The results of our study demonstrated that the newly developed SCBs AB-PINACA elevated anxiety, as reported by Kevin et al. [17] through evaluation of anxiety-like behavior. Furthermore, THC was found to have varying impacts on anxiousness in mice based on age, dosage, and sex. In mature mice, substantial doses have been shown to raise anxiousness in EPM by decreasing both the number of entries and length of stay in open arms, whereas low dosages just decreased the length of time spent in open arms but did not alter the number of entries [44].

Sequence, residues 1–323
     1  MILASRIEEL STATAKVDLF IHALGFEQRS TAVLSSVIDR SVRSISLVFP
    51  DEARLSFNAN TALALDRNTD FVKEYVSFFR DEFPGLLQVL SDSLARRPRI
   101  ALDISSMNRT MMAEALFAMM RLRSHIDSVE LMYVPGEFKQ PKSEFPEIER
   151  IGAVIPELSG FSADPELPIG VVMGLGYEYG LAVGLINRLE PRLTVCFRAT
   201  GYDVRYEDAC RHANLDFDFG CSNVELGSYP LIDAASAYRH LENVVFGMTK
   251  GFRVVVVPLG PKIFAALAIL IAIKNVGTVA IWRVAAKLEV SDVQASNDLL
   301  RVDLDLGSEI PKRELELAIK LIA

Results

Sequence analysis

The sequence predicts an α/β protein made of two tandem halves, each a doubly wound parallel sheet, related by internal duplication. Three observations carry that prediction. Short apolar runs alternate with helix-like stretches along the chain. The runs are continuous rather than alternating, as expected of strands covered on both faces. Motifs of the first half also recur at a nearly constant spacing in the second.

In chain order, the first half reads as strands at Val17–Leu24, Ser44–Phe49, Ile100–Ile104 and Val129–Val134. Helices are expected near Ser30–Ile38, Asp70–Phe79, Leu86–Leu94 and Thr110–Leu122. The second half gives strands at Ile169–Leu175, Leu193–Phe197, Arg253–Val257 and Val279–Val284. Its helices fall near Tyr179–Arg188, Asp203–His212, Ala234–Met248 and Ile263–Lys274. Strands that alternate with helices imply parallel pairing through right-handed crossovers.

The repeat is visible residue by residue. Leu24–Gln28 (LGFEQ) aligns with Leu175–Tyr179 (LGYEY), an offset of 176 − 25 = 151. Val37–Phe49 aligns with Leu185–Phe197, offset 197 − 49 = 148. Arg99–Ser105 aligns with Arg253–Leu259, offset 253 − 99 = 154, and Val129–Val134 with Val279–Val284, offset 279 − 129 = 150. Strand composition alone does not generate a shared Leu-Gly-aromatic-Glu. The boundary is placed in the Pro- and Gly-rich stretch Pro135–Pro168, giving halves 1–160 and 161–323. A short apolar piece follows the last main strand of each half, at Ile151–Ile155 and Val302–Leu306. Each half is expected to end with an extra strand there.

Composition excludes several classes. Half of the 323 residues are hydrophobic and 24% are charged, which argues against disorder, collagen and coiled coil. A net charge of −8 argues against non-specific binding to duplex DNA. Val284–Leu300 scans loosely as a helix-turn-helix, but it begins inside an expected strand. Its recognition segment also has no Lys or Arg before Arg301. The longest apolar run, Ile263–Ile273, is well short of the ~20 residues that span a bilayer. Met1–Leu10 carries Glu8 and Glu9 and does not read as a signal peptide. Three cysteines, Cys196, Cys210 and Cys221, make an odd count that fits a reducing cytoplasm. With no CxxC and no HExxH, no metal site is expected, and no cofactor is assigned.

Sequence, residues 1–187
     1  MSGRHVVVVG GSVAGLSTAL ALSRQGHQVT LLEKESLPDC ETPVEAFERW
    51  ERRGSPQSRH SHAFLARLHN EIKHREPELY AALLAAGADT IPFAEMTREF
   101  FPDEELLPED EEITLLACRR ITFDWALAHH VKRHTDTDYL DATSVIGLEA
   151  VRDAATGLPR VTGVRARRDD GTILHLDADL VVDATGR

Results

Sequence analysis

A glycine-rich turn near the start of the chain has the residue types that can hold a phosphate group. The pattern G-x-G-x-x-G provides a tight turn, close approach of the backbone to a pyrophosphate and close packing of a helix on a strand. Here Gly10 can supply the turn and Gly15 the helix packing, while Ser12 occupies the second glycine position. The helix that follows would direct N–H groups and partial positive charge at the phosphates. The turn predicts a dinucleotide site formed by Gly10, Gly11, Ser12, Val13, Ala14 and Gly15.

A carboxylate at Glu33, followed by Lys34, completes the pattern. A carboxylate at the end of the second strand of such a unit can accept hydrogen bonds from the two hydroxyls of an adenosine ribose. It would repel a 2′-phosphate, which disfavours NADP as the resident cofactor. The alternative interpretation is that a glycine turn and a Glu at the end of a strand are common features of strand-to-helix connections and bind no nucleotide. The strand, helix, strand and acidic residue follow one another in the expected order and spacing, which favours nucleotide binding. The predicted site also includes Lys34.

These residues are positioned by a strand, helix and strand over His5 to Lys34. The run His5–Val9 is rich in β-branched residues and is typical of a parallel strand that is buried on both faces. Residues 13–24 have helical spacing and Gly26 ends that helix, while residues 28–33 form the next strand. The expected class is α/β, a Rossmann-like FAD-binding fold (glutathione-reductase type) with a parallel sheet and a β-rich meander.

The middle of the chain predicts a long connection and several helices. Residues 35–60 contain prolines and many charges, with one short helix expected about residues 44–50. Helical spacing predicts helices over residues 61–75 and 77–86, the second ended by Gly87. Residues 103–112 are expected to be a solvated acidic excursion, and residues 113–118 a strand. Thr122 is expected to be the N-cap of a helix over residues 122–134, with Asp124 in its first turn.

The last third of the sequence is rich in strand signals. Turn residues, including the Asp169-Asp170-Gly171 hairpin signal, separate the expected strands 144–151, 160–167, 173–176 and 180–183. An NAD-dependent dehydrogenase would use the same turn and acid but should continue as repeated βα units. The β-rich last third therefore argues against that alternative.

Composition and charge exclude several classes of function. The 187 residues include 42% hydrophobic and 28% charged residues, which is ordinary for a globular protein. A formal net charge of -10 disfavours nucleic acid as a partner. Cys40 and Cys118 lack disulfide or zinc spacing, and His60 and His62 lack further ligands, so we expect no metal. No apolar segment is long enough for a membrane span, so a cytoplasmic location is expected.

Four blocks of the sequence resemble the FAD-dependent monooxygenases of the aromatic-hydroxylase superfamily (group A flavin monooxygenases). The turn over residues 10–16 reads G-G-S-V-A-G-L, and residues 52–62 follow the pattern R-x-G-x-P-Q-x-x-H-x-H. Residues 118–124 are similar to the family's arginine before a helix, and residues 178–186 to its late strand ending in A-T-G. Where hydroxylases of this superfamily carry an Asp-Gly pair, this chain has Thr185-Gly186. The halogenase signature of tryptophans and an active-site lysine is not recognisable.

In addition, the obtained results showed elevated glutamate levels in inhaled groups in association with elevated levels of anxiety in EPM as reported by Onaolapo et al. [45] revealing an association between the mouse behaviors in EPM and glutamate levels with monosodium glutamate oral administration. As a result of the increased glutamate level, the mice's total arm entries, particularly open arms entrances, and the duration of time in open arms dramatically reduced. Colizzi et al. [46] demonstrated that acute administration of THC increased Glutamate levels in the head left caudate.